A new law could help New York utilities reduce electric rates
and improve their balance sheets.
Legislation recommended by Gov. Pataki on June 1, 1996, seeks to provide the New York Public Service Commission (PSC) with a new financial tool to address possible stranded costs as the state moves toward a competitive retail electric market.
The proposed legislation, the Electric Ratepayers Relief Act of 1996, would allow electric utilities to obtain highly secure, lower-cost financing for intangible expenditures using a statutory credit mechanism similar to that used by Puget Sound Power and Light Co. (Puget Power) in June 1995 (see sidebar). After successfully lobbying for specific legislation in Washington State, Puget Power was able to "securitize" over $200 million in expenditures for demand-side management (DSM) at a triple-A rating (as compared to an underlying utility rating of A-A3).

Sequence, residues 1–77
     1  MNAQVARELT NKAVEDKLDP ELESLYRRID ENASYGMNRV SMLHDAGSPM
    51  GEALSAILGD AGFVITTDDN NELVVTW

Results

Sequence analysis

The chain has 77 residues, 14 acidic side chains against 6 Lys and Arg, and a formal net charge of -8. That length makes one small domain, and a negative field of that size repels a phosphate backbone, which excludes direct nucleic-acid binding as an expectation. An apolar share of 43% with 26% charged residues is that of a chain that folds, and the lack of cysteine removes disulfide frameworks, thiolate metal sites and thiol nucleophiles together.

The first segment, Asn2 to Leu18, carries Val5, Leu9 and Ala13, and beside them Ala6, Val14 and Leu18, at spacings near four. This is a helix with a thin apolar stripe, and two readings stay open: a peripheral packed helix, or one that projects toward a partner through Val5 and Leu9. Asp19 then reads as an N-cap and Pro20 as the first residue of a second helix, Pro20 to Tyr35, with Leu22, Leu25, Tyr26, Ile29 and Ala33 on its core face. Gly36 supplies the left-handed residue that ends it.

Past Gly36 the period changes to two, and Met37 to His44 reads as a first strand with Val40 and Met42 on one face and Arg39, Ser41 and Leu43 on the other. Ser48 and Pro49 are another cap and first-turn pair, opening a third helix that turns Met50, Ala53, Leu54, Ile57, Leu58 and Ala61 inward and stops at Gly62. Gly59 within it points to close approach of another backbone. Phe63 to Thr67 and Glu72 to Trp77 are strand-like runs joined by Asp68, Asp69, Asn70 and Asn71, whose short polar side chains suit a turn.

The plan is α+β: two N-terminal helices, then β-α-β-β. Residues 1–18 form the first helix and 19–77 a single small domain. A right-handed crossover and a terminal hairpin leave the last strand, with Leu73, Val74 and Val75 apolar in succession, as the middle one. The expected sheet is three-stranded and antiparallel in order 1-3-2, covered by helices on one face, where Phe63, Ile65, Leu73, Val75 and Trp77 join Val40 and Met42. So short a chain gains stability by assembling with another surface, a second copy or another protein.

While the New York bill has gained approval from a broad range of constituents (see sidebar) and has passed the state Senate by an overwhelming margin, the state Assembly did not act on it before summer recess. The Governor hopes the Assembly will pass the bill when it returns later this year, as many expect it will. As a transition tool, the Act would "sunset" by December 31, 2000.
Policy Issues for the PSC
Over the past 24 months, the PSC has pursued its Competitive Opportunities Proceeding as a collaborative forum for industry participants to discuss and shape the roadmap for the deregulation of New York State's electric markets. It issued its major policy decision in May 1996.1 In that order, the PSC laid out a timetable for the state's utilities to file plans, which must include details on:
s Setting protocols for a statewide independent system operator